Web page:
How to survive a language barrier when travelling

How to survive a language barrier when travelling

Excited is an understatement of what I felt when my husband mentioned to me the possibility of travelling with him. But the country we were possibly going to, he said, was Denmark. That put me on second thought. I don’t know people close to me in Denmark, that means “fun” is already out of the equation, although I am sure to be able to connect with Filipinos there. 
The disturbing question was, do I really want to go to a country that is unfriendly to me? I mean, I am not just a Muslim with a veil, but with a niqab (face veil).  Anyway, after so much contemplation on whether to grab the opportunity to travel or let it go, I chose the former. That’s just me, I got itchy feet, I don’t just let a chance to go on a journey escape me. 
The trip is my husband’s, so as I was just tagging along I have no plans, and didn’t care much about the itinerary — the thought of travelling itself gave me dopamine rush. All I knew is that everything has been arranged for him.  Well then, I have no problem exploring and doing my own thing, that’s exciting. But, there’s a problem — the language barrier–  yeah, I know right?! 

So to prepare for this trip, I did the following, because there’s no way I would not take advantage of this opportunity to explore.

1. Research. This is standard, whenever you are visiting a place you find out information about it. So I researched about the country,  its culture and the tourist spots available, this way I was able to decide ahead of time if which ones am I interested in exploring. According to worldatlas.com, the Danes are among the happiest people in the world and it also mentioned, that 67% of the Danes are giving and helpful to those in need.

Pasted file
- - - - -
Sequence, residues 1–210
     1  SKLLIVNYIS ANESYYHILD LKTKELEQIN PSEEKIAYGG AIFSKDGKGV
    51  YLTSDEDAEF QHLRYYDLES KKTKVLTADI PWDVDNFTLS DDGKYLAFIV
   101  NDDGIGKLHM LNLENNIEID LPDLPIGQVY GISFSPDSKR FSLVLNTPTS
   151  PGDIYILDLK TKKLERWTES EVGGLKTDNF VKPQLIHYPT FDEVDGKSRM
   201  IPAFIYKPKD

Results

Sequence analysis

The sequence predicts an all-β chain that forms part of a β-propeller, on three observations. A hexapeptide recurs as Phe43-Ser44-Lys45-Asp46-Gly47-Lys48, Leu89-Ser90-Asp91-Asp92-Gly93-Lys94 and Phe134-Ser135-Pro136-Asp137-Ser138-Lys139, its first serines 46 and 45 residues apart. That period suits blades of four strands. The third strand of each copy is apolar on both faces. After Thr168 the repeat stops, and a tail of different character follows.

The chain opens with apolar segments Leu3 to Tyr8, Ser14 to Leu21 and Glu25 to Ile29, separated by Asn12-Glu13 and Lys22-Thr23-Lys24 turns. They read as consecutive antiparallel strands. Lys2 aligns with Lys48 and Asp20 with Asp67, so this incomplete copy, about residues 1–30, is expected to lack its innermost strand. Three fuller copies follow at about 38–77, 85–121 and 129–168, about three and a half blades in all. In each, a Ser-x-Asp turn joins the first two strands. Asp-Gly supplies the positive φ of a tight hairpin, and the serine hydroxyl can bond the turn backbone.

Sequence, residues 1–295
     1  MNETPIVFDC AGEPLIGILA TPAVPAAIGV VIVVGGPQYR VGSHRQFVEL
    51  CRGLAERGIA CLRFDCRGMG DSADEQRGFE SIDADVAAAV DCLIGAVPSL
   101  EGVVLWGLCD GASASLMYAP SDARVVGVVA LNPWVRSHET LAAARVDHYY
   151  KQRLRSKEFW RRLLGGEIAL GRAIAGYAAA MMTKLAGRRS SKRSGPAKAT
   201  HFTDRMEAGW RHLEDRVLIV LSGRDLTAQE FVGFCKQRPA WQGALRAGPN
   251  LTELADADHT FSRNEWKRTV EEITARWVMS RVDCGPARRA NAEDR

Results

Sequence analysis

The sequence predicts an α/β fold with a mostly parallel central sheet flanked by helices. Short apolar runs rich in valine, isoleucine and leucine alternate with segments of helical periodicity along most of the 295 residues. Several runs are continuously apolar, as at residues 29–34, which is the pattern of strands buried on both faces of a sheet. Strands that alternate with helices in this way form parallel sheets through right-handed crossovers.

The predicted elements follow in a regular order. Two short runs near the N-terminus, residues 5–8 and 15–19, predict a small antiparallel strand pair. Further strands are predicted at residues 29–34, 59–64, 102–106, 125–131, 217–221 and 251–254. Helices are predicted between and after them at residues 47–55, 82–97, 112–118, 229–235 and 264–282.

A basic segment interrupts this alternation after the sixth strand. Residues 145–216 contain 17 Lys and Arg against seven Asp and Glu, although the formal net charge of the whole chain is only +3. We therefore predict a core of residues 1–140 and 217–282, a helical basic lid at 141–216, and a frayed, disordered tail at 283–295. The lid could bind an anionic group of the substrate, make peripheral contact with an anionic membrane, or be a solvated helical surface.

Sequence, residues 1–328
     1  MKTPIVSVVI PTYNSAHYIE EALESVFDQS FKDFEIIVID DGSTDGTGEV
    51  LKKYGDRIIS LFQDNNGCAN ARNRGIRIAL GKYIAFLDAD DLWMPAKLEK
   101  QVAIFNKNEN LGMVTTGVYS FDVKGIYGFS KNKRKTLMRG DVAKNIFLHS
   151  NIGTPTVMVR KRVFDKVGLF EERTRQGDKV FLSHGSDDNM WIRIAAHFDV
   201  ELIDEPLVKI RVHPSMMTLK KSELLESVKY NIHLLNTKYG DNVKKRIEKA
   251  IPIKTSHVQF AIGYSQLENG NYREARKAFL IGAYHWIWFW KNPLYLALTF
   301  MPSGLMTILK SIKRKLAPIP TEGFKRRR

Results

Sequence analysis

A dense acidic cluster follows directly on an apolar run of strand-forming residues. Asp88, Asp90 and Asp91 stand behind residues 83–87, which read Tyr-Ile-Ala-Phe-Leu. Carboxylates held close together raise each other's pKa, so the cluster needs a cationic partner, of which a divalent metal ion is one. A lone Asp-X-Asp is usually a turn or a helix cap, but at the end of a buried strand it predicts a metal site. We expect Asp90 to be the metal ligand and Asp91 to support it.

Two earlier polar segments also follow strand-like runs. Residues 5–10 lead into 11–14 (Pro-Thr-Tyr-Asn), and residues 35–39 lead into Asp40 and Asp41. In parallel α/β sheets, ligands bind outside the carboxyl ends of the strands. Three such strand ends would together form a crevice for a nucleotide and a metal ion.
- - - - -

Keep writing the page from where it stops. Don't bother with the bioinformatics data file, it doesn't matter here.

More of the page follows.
This fact helped lessened my anxiety and reaffirmed my decision to go. Now, upon reading this, I foresee myself getting lost in the city and be able to get back to my accommodation with a smile, trusting that I am going to get help when needed.

2. Learn the language. You don’t need to attend a class for this, it would be great if you can, but with technology, you can easily find survival phrases for the foreign country you are visiting. It, of course, depends on the purpose and length of your stay.

Bicycle station. This bike station is located in the middle of the busy downtown of Copenhagen. Bicycling is one of the primary forms of transportation in Denmark.

I don’t know even a single Danish, but I wanted to get familiarized with the sounds of their words.  Few nights before our departure, I browsed online to learn simple phrases, the very first word I learned was “tak” which means thank you, and I did use it gazillion times during my stay in Copenhagen.  This is the best resource that I found https://www.theintrepidguide.com/basic-danish-phrases/#greetings

3. Explore Google translate or other language apps you prefer.  Try if the app you intend to utilize as “translator” or “interpreter” during your travel works. Setting the language pair made it easy for me to use the app when I arrived at my destination, as the history of the words or phrases I previously asked to translate are already readily available without typing it again. I was comfortable using Google translate because of its audio feature that allowed me to listen to the Danish words. 

This preparation helped ease my travel to Denmark, although fortunately, I didn’t have to use my Google translate because my husband’s friend’s wife was available to show me around and be the interpreter during my stay. With that being said, I will add that, connecting with a local is the best way to survive in a foreign country where language is a barrier. 

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